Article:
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Mr. Steve Webb (Northavon): Does the hon. Lady ever read a newspaper?

Ms Taylor: The hon. Gentleman thinks that this is funny. Good for him. The reality is that local people do not laugh about it. They are very grateful. As I was saying we do not have a bed blocking problem, but we have two people who need places. Where is the crisis? From the perspective of my constituency, my council and local private homes, the Government have achieved an innovative care system that is significantly better financed. It has a structure based on a partnership of equals between the public and private sector. It is a service based on the principle that people's individual needs, not profit, come first. It is also accommodating high standards. The local people know that it will take time for all those characteristics to become evident, but they know that we will persist until they do.

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There is little evidence in Stockton of shortage of beds or bed blocking. In fact, there is much evidence that our policies are competent and achieving a much better service. There is no crisis. Unfortunately, in tonight's debate, the Liberal Democrats have been playing to the gallery. The language they have used is also used by my Liberal Democrat colleagues—and they are colleagues—on Stockton council. During a council debate, when the homes for life policy was introduced, it was warmly welcomed by the leader of the Liberal Democrats. However, when public opinion began to question the policy and the debate became a little bumpy, the Liberal Democrats immediately decided that a change of mind was the most appropriate response that they could make. I suggest that opportunism is the last thing required when a policy is being developed to respond to the needs of the old, the ill and the vulnerable in our society.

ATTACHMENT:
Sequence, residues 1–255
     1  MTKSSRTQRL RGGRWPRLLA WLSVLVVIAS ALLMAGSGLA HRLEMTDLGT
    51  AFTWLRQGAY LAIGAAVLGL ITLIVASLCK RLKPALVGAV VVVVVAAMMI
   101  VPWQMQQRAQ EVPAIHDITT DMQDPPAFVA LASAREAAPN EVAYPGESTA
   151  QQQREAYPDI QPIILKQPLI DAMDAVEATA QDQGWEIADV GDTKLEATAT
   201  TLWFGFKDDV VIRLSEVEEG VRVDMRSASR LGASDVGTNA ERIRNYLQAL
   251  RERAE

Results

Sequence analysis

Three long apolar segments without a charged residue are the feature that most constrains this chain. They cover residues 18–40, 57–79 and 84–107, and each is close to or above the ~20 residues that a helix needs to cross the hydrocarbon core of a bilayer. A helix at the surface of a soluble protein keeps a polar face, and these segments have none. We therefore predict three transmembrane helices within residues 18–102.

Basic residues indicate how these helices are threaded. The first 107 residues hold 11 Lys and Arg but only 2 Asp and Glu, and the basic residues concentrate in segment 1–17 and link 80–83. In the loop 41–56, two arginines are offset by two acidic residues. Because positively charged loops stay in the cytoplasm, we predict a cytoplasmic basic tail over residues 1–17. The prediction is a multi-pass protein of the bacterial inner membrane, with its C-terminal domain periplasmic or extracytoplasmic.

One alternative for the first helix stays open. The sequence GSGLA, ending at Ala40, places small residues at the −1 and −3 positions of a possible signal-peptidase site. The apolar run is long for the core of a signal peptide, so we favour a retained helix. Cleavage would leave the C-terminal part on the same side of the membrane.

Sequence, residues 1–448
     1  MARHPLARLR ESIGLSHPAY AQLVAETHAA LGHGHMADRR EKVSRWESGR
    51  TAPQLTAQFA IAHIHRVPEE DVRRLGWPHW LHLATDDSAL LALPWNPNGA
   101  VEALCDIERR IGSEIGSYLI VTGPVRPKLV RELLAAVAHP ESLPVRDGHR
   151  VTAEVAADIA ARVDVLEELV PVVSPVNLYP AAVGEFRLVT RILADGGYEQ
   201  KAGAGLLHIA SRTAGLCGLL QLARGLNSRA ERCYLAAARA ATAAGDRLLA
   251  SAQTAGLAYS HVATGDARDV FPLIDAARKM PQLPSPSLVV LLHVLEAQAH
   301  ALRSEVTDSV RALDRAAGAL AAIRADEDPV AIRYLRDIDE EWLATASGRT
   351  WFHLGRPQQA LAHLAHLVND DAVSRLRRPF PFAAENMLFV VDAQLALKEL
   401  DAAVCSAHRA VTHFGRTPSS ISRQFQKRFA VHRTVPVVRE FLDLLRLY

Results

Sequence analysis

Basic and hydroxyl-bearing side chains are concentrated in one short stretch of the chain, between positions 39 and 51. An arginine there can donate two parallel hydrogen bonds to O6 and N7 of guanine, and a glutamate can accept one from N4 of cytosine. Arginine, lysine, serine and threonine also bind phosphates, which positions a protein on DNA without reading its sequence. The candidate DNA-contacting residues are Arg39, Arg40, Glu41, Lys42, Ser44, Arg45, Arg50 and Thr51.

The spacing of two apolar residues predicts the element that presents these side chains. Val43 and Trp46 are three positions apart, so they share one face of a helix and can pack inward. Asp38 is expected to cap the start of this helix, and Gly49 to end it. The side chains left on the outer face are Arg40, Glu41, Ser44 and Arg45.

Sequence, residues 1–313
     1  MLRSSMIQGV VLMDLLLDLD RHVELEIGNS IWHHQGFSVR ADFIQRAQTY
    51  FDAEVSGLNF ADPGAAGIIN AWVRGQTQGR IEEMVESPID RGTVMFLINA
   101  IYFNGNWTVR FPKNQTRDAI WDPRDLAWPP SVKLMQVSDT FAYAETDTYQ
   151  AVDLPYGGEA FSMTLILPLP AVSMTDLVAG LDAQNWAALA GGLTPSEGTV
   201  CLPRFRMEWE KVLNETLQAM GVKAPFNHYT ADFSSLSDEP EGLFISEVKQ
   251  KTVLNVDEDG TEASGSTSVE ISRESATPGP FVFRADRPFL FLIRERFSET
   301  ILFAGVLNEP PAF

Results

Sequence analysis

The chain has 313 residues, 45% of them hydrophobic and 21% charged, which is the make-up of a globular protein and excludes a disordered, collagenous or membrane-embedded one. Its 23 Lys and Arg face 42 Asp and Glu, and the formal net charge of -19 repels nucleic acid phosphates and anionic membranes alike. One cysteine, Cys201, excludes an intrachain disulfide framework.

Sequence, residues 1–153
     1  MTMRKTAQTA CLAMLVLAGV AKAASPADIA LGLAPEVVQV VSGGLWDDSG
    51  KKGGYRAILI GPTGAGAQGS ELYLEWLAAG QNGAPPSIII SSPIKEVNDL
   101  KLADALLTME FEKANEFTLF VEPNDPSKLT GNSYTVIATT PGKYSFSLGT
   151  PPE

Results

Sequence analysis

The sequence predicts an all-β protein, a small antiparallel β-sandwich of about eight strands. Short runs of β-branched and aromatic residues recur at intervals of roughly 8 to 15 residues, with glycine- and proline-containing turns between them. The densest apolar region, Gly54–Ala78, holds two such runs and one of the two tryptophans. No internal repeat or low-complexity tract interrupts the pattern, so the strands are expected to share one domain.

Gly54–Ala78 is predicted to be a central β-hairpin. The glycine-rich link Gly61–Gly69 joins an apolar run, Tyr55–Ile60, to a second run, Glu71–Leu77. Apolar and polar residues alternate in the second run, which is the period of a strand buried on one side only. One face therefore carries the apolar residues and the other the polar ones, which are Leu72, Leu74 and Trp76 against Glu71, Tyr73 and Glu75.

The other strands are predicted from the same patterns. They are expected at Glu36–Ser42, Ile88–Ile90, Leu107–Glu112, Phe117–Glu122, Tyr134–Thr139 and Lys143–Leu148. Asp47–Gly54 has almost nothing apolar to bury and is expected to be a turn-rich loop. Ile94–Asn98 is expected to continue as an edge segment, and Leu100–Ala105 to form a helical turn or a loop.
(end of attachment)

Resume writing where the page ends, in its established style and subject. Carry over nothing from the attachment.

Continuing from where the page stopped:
Stockton's approach—"Homes for life, a life in your own home"—is appropriate. That policy came about because the Government have allowed us to innovate and to challenge a culture; they have allowed us to say not only that we want quality, but that independent, individual lives should be accommodated in the social and health care system.

9.5 pm

Norman Lamb (North Norfolk): If only the whole country were like Stockton—it sounds like a paradise. I have never thought of Stockton in that way, but I learned much tonight.

The test of a civilised society is surely the way that it cares for its older people. Although I agree with the hon. Members for Stockton, South (Ms Taylor) and for Wakefield (Mr. Hinchliffe) that we should facilitate independent living wherever possible, it is not appropriate for everybody. Ideally, there will always be a place for residential care in a mix of provision.

At present, the vast majority of people who go into residential care go into the private independent sector, so the state of that sector should be of concern to us all. Despite the paradise in Stockton, that sector is in a state of developing crisis and I shall explain why.

The sector has suffered underfunding for many years. In Norfolk, year-on-year fee increases are below the rate of inflation. Last year, the Labour-Liberal Democrat council budgeted for social services spending of £13 million above the standard spending assessment, but it still overspent by £1 million.

The competing demands faced by social services departments put those departments in an impossible position—for example, as regards their child protection work. In Norfolk, we experienced the awful and desperately sad death of Lauren Wright. Part of the problem is that there are insufficient social workers. I pay tribute to the work they do, but there are not enough of them. Furthermore, there is not enough money to pay for an adequate number as well as providing sufficient funds for the care of elderly people.

In addition to the underfunding in fees from social services, the costs incurred by care homes over the years have continued to rise. They have had to cope with the minimum wage and the introduction of holiday pay. I fully support both those things, but they must be funded. The increases have not been enough to fund those extra costs.